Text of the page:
I’ve discussed the long and winding story of my writing path in several posts so I won’t repeat all of those details. If you’re wondering how and why I started writing (Bueller? Bueller?) start with “Writing Advice From My Husband” because it’s a favorite around here. You could also read “The Worst Writing Teacher Ever,” “I’m Not an Aspiring Novelist,” and “When I Was Pre-Law and Other Wrong Turns Towards the Right Path.”
You still awake? Since January 2007 when I first decided to stop whining about wanting to be a writer and actually opened a blank document on Word, I’ve used some helpful writing books. Some of those books helped me with fiction and some with non-fiction.
I think one of the best resources for writers is simply to read the kind of work you want to write (and other genres as well). But I’ve also loved using craft books for inspiration and direction. After paying for college and a M.ED in education, I’m sort of done investing in my higher education at this point. (No MFA for me!)
Here’s a list of craft books I’ve used and that I highly recommend.
Good Prose: The Art of Nonfiction by Tracy Kidder and Richard Todd My favorite passage is about essays and it describes exactly why I love writing them:
You ask the reader to take you seriously, to honor your conviction even if your ideas provoke more than they persuade. You want engagement at least as much as you want belief. You welcome the silent dialogue with the reader, even if the reader is disputing with you. After all, you are often in dispute with yourself: beliefs are reached in the course of writing, and essays trace the course.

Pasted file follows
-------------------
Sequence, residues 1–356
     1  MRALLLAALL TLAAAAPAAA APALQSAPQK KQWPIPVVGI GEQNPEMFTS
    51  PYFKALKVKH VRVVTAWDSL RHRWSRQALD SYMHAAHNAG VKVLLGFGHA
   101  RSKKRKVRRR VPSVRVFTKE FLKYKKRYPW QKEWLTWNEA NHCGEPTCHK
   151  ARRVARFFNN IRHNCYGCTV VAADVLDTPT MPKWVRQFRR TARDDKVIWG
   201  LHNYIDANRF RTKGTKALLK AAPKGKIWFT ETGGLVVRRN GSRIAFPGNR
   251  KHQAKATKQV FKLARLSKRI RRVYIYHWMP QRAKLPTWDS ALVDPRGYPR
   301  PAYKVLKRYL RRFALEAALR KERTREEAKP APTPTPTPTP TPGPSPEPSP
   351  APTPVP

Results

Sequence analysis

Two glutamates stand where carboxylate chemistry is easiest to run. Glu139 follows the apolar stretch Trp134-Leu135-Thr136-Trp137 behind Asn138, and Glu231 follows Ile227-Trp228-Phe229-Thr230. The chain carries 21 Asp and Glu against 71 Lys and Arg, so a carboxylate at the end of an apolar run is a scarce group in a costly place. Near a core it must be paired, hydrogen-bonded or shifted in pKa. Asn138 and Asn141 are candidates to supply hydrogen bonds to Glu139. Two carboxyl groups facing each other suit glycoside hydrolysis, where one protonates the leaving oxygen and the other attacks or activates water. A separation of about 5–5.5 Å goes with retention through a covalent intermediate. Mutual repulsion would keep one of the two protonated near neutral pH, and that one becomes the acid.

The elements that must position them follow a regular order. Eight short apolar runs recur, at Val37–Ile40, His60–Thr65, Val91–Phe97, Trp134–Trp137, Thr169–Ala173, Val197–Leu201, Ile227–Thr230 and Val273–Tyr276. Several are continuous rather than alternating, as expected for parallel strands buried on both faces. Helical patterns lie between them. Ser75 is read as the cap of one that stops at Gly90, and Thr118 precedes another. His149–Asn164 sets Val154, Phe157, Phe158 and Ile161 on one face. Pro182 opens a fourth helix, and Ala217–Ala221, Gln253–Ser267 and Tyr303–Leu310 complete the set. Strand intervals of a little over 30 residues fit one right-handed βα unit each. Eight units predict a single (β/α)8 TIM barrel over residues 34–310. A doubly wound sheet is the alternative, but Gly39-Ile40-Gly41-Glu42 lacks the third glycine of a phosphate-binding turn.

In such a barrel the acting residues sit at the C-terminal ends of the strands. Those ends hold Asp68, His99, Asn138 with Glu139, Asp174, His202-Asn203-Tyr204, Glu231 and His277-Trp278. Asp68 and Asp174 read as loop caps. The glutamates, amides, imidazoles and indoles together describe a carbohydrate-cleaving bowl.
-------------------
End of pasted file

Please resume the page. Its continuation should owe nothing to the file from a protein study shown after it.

The Writing Life by Annie Dillard My favorite quote answers the question of what you should write about:
There is something you find interesting, for a reason hard to explain. It is hard to explain to you because you have never read it on any page; there you begin.
Bird by Bird by Anne Lamott My favorite quote (though it was next to impossible to pick just one) is about how to begin:
Almost all good writing begins with terrible first efforts. You need to start somewhere. Start by getting something–anything–down on paper.
On Writing by Stephen King My favorite quote gives me hope.
If you want to be a writer, you must do two things above all others: read a lot and write a lot. There’s no way around these two things that I’m aware of, no shortcut.
Use Your Words: A Writing Guide for Mothers by Kate Hopper Kate Hopper’s Use Your Words has the best guided writing exercises I’ve ever used. Her prompts and exercises are most appropriate for writers who write about the parenting experience, but I think they’d be useful for any writers of creative nonfiction. Writers: What books on the craft of writing have you found most helpful?